The exhibit is called Phase II. The artist is Ted Herlinger.
They're made of reed, pork gut, and elk sinew.
Here's what the description said.
I was there in Out North's gallery during intermission of The Brits and their Telly, which continues next week. While there were a lot of interesting shorts - they are supposed to be the best British tv commercials - I remember being more enchanted by past Telly shows. I was trying to figure out why. I remember them as quirkier and I think for more local British products. There were too many McDonald's and other multinational ads. I think another issue for me was that what used to be high on originality is now more focused on high production values.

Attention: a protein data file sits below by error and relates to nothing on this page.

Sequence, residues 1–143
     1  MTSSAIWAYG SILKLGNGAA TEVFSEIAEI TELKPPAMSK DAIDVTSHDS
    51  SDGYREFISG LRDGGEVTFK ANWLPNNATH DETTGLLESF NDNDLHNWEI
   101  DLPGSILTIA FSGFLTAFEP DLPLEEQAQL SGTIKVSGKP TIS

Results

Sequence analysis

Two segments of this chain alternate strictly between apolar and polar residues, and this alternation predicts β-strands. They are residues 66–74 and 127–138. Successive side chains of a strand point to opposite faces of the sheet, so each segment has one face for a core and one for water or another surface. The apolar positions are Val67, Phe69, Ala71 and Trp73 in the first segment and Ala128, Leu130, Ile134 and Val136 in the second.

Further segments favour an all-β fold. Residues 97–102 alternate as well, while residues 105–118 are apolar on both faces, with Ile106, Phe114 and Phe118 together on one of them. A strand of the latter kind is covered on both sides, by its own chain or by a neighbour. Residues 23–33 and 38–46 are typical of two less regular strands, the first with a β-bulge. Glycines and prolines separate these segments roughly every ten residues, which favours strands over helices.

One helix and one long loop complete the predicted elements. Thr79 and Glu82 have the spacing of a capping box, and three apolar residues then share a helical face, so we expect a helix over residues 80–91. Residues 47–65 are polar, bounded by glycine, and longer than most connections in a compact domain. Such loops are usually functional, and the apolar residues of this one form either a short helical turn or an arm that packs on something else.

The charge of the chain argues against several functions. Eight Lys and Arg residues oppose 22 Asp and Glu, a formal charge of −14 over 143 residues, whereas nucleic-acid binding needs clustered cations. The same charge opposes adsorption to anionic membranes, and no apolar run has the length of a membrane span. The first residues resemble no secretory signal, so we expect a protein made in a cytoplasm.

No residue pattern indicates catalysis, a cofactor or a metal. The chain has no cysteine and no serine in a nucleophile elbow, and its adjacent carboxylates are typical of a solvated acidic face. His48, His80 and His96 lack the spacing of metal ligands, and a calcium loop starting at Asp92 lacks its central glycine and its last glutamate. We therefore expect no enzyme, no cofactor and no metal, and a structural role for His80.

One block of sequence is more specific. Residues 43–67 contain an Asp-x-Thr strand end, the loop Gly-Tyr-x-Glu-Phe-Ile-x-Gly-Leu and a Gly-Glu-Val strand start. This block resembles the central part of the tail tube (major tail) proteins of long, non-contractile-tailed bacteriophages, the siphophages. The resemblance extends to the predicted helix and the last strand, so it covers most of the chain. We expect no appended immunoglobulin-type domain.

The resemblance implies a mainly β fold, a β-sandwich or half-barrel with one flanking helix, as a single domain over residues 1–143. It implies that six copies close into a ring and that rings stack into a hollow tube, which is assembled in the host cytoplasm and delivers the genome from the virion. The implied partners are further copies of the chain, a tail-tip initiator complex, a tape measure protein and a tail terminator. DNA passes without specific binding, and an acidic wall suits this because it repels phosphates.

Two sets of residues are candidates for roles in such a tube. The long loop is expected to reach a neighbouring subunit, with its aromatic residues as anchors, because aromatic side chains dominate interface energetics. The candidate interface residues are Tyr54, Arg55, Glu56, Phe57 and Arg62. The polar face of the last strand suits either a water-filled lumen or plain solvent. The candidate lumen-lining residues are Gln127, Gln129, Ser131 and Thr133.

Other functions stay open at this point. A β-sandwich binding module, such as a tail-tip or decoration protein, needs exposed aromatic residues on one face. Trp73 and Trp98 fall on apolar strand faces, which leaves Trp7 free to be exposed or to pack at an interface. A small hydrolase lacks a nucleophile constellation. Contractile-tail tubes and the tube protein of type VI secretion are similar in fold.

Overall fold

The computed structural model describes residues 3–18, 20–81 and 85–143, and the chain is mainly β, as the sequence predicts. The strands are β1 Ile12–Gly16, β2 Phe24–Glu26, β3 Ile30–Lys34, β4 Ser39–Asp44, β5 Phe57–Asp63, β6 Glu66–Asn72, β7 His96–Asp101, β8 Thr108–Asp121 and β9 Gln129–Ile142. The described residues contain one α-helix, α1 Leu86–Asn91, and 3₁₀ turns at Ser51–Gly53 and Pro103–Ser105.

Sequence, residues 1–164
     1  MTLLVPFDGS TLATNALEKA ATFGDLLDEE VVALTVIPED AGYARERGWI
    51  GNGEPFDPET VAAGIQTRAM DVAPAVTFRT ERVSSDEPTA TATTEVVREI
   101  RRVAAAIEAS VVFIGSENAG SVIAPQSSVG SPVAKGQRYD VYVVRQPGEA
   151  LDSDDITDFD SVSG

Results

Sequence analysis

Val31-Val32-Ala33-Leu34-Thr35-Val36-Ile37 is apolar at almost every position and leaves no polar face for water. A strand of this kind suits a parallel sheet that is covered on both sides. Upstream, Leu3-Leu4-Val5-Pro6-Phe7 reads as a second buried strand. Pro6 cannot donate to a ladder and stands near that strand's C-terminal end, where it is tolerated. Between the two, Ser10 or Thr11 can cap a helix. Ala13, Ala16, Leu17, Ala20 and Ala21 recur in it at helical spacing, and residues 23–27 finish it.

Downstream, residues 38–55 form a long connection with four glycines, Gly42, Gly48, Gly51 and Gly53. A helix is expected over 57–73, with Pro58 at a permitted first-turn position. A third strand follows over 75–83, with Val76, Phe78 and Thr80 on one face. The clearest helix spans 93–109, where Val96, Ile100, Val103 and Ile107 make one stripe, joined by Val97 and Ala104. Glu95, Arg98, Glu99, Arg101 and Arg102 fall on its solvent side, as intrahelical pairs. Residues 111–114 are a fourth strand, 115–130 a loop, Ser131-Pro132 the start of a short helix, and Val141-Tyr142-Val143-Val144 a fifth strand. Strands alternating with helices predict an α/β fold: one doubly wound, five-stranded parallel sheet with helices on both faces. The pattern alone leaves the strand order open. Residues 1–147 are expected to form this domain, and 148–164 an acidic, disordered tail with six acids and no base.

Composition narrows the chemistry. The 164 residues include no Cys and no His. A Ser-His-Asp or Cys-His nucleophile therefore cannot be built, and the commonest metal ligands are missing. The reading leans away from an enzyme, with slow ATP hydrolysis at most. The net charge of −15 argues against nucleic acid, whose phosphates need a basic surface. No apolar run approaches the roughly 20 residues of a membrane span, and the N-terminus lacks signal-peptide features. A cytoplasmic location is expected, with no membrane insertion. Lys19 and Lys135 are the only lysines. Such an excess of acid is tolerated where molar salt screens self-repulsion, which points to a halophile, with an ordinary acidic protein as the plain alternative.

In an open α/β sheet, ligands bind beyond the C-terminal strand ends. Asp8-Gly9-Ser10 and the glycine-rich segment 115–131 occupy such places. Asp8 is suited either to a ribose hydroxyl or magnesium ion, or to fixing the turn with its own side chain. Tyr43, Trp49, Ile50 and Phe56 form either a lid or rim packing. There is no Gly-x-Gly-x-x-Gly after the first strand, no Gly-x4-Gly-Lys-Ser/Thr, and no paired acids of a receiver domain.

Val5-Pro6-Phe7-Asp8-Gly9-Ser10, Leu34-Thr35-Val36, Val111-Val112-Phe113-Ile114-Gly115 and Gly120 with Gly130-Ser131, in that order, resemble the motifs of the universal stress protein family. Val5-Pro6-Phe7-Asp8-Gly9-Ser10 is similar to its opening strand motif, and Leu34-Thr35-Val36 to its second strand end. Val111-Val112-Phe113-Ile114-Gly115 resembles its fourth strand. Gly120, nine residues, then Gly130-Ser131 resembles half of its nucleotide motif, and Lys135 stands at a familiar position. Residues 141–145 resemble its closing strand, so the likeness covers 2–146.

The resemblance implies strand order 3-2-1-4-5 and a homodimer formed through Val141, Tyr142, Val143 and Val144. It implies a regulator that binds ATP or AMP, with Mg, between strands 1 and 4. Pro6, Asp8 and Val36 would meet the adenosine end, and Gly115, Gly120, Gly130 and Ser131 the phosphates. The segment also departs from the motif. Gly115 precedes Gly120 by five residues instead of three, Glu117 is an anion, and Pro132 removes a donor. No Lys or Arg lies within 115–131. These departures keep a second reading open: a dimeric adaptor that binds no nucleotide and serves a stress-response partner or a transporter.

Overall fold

They were technically better, but too many were more like apprenticeship work for Hollywood. All that talent and money to sell junk food is depressing. But there were a bunch still reflected the Brits and their Telly that I remember. Out North has a video with two of the good ones on their website. Watch for Duckzilla, for the picnic in the field, and the British Airways ads were good. So were the ads for non-profits. The anti-smoking and HIV prevention ads didn't beat around the bush. And I was upset with Bob Dylan for selling out until I saw what it was for.
An Out North heads up: Bridgman Packer will be in Anchorage April 28 and 29. We saw them at Alaska Dance Theater about three years ago. Probably the most superlative post on this blog ever. This time they will be in the Discovery Theater - but still an Out North event. Scott says they'll be performing a piece commissioned by Out North which won them a Guggenheim Fellowship. My breathless gushing last time wasn't misplaced. They're so good, I think even a blind person would feel it in the room. If you read this and don't go to see them, it's not my fault.